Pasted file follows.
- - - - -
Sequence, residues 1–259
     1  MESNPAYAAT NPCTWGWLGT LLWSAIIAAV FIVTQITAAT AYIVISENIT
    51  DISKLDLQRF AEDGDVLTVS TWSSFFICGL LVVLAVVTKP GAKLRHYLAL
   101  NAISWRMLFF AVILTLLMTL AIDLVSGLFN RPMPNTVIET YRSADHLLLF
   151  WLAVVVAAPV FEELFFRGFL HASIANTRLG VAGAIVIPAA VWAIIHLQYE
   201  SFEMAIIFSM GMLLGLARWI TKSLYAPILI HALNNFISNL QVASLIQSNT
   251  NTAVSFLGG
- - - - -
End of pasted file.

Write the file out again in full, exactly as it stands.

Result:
Sequence, residues 1–259
     1  MESNPAYAAT NPCTWGWLGT LLWSAIIAAV FIVTQITAAT AYIVISENIT
    51  DISKLDLQRF AEDGDVLTVS TWSSFFICGL LVVLAVVTKP GAKLRHYLAL
   101  NAISWRMLFF AVILTLLMTL AIDLVSGLFN RPMPNTVIET YRSADHLLLF
   151  WLAVVVAAPV FEELFFRGFL HASIANTRLG VAGAIVIPAA VWAIIHLQYE
   201  SFEMAIIFSM GMLLGLARWI TKSLYAPILI HALNNFISNL QVASLIQSNT
   251  NTAVSFLGG